Research Confirms Missoula Apartment Vacancy Woes
A survey of over 5,600 market rate apartment units in Missoula found a vacancy rate of 1.2%. The survey also found increasing rents and no incentives. “Last year at this same time, the vacancy rate was 3.3%,” said Matt Mellott of Sterling CRE Advisors. “Everyone in the rental market feels a 2% drop in vacancy, whether that means paying more for rent or struggling to find a place when you need to move.”
Sterling CRE Advisors performs a market survey of apartment vacancy every quarter. To put a 1.2% vacancy rate in perspective, cities like San Francisco, New York and Los Angeles register long-term vacancy rates below 4%. “A vacancy rate this low is concerning,” said Nick Chaussee, Sterling CRE Advisor. “Through a commercial real estate lens, there is a huge amount of opportunity for development in Missoula. But that’s in the long range. The reality right now is that rents are rising fast and apartments are scarce. A clear path forward for developers is key to righting the ship.”
Missoula Apartment Vacancy | Q3 2020
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What’s creating the rental crunch in Missoula?
- Limited supply of houses for sale means potential homeowners may be forced to rent, even if they would prefer to purchase a home.
- Economic downturns often cause consolidation of households – think getting a roommate or moving back in with mom and dad to save money. However, that doesn’t seem to be the case in Missoula. In fact, Montana bounced back from job losses, ranking 13th out of all states for unemployment recovery since the start of COVID-19. The losses that did occur in Missoula didn’t drive household consolidation enough to offset limited availability.
- Compounding local factors, a surge of remote work begs the question: if you can work from anywhere, why not the last best place? Ranking high on quality of life lists, Missoula is an attractive option for remote workers who value outdoor access.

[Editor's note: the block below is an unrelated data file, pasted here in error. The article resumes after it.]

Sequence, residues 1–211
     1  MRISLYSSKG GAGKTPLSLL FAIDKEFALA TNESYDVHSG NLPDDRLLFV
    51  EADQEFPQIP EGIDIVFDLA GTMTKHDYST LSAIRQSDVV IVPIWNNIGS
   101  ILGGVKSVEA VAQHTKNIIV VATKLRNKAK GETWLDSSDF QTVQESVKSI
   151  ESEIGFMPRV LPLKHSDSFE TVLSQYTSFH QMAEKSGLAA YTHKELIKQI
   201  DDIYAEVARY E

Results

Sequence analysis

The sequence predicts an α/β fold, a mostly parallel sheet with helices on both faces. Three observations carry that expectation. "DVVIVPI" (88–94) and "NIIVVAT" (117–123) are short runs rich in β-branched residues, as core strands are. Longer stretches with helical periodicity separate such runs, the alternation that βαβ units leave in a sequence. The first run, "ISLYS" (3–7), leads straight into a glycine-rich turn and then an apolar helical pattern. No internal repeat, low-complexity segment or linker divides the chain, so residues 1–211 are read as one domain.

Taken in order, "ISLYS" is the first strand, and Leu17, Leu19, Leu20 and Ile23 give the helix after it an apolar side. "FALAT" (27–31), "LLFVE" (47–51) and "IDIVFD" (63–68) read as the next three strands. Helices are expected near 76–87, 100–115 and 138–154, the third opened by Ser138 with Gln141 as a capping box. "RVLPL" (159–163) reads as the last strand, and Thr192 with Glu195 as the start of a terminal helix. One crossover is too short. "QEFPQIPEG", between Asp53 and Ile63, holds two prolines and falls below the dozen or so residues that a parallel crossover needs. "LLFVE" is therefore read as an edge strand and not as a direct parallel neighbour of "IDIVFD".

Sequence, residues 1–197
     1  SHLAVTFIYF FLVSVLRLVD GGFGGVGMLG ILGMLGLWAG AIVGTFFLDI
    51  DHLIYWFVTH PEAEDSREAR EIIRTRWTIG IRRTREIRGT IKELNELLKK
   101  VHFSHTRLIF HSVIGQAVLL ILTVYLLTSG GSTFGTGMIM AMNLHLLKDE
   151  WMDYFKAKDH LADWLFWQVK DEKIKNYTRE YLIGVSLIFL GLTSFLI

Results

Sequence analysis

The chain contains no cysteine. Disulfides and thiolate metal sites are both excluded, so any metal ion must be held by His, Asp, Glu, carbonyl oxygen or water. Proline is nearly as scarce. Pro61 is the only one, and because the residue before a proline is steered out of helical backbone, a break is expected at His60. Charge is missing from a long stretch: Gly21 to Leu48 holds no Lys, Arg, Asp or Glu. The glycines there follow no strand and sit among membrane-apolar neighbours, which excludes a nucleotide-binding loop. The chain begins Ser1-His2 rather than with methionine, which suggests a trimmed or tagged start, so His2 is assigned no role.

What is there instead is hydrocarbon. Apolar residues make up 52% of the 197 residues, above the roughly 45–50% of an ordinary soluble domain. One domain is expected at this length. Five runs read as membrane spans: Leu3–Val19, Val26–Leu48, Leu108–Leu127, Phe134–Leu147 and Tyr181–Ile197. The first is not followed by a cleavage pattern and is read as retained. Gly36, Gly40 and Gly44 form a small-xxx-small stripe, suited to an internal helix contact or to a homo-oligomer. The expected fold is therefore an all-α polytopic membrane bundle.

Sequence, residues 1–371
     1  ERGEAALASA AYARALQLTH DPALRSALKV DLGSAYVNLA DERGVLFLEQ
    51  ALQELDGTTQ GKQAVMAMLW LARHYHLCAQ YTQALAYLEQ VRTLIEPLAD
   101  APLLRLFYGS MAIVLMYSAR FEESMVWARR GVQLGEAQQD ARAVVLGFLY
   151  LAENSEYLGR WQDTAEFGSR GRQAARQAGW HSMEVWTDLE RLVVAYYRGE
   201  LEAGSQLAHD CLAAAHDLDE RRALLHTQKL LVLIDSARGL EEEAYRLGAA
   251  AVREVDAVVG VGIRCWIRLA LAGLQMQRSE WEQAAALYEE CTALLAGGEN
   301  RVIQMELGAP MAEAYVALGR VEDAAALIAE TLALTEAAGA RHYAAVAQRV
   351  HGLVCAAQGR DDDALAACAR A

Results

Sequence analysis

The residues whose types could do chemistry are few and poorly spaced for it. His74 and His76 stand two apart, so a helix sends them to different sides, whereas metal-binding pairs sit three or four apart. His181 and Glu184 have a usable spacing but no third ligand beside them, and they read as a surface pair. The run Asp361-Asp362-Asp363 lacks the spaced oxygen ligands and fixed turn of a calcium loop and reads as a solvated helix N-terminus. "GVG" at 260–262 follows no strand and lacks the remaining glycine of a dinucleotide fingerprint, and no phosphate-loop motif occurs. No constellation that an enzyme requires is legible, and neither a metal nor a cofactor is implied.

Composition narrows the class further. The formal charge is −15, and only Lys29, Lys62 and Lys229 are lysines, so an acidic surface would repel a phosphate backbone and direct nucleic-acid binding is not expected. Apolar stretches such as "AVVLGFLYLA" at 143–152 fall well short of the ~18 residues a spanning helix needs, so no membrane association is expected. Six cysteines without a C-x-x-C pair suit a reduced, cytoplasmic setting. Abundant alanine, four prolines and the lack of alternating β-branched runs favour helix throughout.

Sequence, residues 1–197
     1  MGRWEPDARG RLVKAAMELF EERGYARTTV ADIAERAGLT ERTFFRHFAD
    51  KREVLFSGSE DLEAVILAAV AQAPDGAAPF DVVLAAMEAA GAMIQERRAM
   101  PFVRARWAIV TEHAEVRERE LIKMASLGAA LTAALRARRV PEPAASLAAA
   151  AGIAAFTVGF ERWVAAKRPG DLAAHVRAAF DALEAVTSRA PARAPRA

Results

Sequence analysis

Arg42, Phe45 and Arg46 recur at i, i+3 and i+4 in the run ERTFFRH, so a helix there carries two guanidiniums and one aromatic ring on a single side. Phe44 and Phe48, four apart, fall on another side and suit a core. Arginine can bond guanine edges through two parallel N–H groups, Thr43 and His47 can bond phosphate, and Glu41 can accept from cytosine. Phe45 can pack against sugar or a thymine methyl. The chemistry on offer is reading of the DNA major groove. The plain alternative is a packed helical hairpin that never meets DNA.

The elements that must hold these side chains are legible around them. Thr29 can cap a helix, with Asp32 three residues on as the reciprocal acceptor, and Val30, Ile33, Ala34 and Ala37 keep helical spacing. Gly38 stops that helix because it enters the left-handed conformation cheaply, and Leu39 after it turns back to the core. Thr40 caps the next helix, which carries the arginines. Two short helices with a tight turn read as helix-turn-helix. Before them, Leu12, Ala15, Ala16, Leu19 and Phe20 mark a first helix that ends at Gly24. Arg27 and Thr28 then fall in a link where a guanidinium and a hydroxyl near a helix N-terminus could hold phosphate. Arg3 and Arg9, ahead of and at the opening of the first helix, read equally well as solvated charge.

- The University of Montana resumed in-person classes. Traditionally, students returning to school creates an influx of renters in late summer. Additionally, the Montana Kaimin reported that dorms are housing fewer students as a coronavirus precaution.
- In addition to few available apartments, limited new units are coming online through year end. In Q2, 76 new apartments became available and were fully leased up quickly. Since July, only nine new apartments have been completed. At the time of the survey, 72 new units were likely to open up in Missoula before the end of 2020. Development Services staff noted strong construction activity in Missoula, but scant apartment housing. In 2020, most construction focused on things like warehouses, office buildings, schools, and hotels.
- Development Services also reported operations bottlenecks. The permitting division is at 50% of capacity, slowing the administrative processes to get new housing in the pipeline.
- Finally, potential rental opportunities can be hamstrung by community pushback. Missoula’s Planning Board rejected a recent rezoning request that would have allowed for more rental units in Grant Creek. That failed rezone by itself eliminates over 25% of the apartment units in the development pipeline over the next 3 years. The board cited opposition from project neighbors as the main factor in their decision. One member noted negativity towards renters and derision of higher density projects. Recent history bears out this resistance to higher-density housing. An opponent to a proposed senior living facility said the building would “infect” his neighborhood.
The Sterling CRE Advisors team focuses on the big picture.
It’s a complex problem, made up by a lot of factors. Pointing the finger at incoming residents or scoffing at higher density housing isn’t a solution. We need to support more efficiency in Development Services so developers can start making up some of the ground lost in regards to housing. Population growth is coming – it’s here already. How we handle this moment is key for Missoula’s future.
Contact Matt Mellott for more information.